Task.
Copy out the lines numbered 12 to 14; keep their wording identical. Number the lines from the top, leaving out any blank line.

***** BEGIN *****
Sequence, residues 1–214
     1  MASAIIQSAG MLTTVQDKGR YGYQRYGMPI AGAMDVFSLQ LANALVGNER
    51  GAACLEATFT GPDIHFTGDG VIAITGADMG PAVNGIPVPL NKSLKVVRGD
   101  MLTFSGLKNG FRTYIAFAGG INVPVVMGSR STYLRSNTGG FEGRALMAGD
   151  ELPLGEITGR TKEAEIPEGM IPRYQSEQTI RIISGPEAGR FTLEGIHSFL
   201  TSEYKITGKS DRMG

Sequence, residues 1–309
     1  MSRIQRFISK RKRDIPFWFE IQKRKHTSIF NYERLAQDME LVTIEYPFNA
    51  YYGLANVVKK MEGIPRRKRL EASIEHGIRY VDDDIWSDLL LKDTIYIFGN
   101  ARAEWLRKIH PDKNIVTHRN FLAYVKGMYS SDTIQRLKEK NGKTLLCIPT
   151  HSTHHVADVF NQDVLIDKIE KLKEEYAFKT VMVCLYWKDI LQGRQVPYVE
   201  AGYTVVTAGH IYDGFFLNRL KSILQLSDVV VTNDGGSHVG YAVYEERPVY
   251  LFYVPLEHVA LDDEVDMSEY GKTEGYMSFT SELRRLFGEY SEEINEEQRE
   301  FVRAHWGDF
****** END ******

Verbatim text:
   201  AGYTVVTAGH IYDGFFLNRL KSILQLSDVV VTNDGGSHVG YAVYEERPVY
   251  LFYVPLEHVA LDDEVDMSEY GKTEGYMSFT SELRRLFGEY SEEINEEQRE
   301  FVRAHWGDF